Time to Fix the UK’s Fraud-Enabling Dial Plan

The United Kingdom ranked amongst the top ten countries for termination of fraud in the 2017 Global Fraud Survey of the Communications Fraud Control Association (CFCA). This was hardly news; the UK was in the top ten per the CFCA’s previous survey, back in 2015. And the UK will be in the top ten after the next survey, unless action is taken. The reasons why the UK is a magnet to fraud have long been appreciated. For example, it was a mistake to have all sorts of so-called ‘personal’ and ‘follow-me’ phone numbers, including those which pay revenues to the call recipient, begin with the digits 070. Numbers beginning 07 are associated with mobile phones by the majority of consumers, and also by quite a few foreign comms providers. The confusion provides ample opportunity for deceit and artificial traffic. But if you understand the UK market, you know all this already. Our problem is not a lack of understanding but summoning the will to undertake costly but necessary fixes to our flawed system.

Ofcom, the UK comms regulator, recognizes and catalogues all the issues in their current review of the 070 number range. These are just a few snippets from their analysis:

…we estimate up to 60% of 070 traffic is potentially fraud-related.

…94 of the 070 complaints received by Ofcom between January 2013 and May 2017 related to consumers feeling they had been tricked into calling a 070 number. Most of these complaints related to consumers applying for a job online and receiving a response asking them to call a 070 number to discuss the job or set up an interview…

Data from our research shows that, between January 2016 and August 2017, there were approximately 30% more calls generated to personal numbers from abroad when compared to the relative distribution for both geographic and mobile destination numbers, and that this figure even exceeded 50% in several months.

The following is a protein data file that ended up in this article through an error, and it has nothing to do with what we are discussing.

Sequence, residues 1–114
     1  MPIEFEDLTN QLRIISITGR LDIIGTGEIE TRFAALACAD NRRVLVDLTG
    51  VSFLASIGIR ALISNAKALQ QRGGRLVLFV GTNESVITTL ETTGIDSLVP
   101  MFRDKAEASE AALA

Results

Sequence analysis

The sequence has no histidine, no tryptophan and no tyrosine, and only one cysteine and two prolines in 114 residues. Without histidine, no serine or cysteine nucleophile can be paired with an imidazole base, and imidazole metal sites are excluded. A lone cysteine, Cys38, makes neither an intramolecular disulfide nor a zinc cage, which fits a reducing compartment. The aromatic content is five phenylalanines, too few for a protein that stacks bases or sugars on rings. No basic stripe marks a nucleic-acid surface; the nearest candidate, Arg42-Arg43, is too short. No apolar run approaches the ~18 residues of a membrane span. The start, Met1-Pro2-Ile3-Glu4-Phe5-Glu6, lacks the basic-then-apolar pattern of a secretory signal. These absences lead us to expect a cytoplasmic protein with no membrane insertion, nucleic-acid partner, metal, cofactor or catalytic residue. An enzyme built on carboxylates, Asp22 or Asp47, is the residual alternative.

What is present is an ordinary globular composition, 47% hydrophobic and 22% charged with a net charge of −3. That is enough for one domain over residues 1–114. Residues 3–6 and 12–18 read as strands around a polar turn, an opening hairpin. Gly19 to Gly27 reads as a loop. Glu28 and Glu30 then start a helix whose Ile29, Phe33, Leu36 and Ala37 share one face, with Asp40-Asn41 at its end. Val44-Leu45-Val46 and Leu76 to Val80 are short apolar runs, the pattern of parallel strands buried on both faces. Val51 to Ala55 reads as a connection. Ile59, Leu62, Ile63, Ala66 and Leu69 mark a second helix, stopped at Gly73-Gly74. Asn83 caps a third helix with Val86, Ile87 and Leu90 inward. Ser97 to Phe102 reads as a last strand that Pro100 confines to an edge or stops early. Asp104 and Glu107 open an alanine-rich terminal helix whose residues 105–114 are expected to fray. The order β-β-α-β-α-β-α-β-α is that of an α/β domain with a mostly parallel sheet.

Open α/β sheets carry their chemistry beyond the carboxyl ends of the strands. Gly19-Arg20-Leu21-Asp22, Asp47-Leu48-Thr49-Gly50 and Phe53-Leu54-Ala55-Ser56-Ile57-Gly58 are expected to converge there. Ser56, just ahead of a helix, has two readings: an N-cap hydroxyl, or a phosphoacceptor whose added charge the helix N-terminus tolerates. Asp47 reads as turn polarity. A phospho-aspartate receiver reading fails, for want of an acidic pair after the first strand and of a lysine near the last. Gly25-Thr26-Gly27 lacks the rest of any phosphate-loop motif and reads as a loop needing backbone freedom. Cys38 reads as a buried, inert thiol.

However, Ofcom proposes the wrong solution to the problem. The crux of the issue is that 070 numbers are easily confused with other numbers beginning 07. The long-term solution is hence to choose dial codes that are less likely to be confused. Expensive types of call services would be easier to distinguish if their numbers began with 04 or 06. But this has a cost. To avoid the cost, Ofcom proposes a different kind of solution: implementing price controls on 070 numbers. This would reduce the motivation for fraud, but without addressing the potential for confusion. Furthermore, price controls will hurt legitimate businesses even more than fraudsters. Whilst the fraudsters can simply adopt a different kind of scam, legitimate businesses that have advertised their service and built up their reputation will be undermined by price controls. They are not responsible for fraud, so why should they be punished for it?